Current conditions in the Martian atmosphere at less than 1 kPa of atmospheric pressure, are significantly below the Armstrong limit of 6 kPa where very low pressure causes exposed bodily liquids such as saliva, tears, and the liquids wetting the alveoli within the lungs to boil away. Without a pressure suit, no amount of breathable oxygen delivered by any means will sustain life for more than a few minutes. In the NASA technical report Rapid (Explosive) Decompression Emergencies in Pressure-Suited Subjects, after exposure to pressure below the Armstrong limit, a survivor reported that his... "last conscious memory was of the water on his tongue beginning to boil." In these conditions humans die within minutes unless a pressure suit provides life support.
If Mars atmospheric pressure could rise above 19 kPa then a pressure suit would not be required. Visitors would only need to wear a mask that supplied 100% oxygen under positive pressure. A further increase to 24 kPa of atmospheric pressure would allow a simple mask supplying pure oxygen. This might look similar to mountain climbers who venture into pressures below 37 kPa, also called the death zone where an insufficient amount of bottled oxygen has often resulted in hypoxia with fatalities.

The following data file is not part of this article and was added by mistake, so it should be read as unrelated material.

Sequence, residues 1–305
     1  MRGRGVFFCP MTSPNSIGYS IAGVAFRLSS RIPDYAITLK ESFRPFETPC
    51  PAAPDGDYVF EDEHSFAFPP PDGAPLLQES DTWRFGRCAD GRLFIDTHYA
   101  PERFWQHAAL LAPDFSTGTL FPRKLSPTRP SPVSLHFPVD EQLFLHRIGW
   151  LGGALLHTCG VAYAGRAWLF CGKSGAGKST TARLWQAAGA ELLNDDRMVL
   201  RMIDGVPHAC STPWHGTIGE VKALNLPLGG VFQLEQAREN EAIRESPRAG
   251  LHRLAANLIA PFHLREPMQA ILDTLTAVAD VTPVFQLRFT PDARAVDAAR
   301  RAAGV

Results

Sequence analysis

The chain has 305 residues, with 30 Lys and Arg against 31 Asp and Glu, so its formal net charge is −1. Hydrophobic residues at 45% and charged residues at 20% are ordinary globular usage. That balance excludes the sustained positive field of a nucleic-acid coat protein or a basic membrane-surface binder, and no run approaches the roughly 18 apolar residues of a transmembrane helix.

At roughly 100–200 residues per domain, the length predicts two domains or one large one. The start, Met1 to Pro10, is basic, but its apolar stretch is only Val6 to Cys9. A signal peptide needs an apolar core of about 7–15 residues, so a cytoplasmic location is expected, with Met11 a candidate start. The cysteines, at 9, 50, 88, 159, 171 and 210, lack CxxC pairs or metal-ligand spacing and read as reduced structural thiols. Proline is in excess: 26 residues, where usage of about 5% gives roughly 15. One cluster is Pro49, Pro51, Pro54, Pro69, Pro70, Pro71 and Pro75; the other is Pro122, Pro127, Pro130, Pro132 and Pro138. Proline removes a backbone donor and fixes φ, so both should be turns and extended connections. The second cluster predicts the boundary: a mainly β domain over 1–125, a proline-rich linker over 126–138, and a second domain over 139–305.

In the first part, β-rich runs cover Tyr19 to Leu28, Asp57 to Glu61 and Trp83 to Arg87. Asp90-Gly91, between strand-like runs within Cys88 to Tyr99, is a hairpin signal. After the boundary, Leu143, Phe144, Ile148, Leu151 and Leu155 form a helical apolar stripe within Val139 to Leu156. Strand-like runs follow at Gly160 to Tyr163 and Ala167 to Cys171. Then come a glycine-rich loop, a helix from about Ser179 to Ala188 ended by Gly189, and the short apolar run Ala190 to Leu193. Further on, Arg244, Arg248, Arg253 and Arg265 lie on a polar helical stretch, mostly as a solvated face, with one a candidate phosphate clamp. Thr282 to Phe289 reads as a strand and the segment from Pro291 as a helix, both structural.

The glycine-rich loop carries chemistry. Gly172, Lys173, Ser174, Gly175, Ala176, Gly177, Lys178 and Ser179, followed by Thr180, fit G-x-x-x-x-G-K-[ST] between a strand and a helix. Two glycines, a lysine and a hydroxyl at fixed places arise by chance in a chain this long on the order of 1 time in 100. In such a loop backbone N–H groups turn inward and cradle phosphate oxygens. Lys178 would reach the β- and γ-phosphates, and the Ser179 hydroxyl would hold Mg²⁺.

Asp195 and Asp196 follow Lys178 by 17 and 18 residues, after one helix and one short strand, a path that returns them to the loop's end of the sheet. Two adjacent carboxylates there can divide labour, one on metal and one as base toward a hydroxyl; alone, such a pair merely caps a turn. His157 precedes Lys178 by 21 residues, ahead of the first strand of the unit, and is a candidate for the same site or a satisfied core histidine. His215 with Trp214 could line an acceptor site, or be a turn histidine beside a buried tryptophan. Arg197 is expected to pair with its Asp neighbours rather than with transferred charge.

Countering the effects of space weather
Mars lacks a magnetosphere, which poses challenges for mitigating solar radiation and retaining atmosphere. It is thought that the localized fields detected on Mars are remnants of a magnetosphere that collapsed early in its history.
The lack of a magnetosphere is thought to be one reason for Mars's thin atmosphere. Solar-wind-induced ejection of Martian atmospheric atoms has been detected by Mars-orbiting probes. While Venus has a dense atmosphere, it has only traces of water vapor (20 ppm) because it has no magnetic field.
According to modern theorists, Mars exists on the outer edge of the habitable zone, a region of the Solar System where life can exist. Mars is on the border of a region known as the extended habitable zone where liquid water on the surface may be supported if concentrated greenhouse gases could increase the atmospheric pressure. The lack of both a magnetic field and geologic activity on Mars may be a result of its relatively small size, which allowed the interior to cool more quickly than Earth's, although the details of such a process are still not well understood.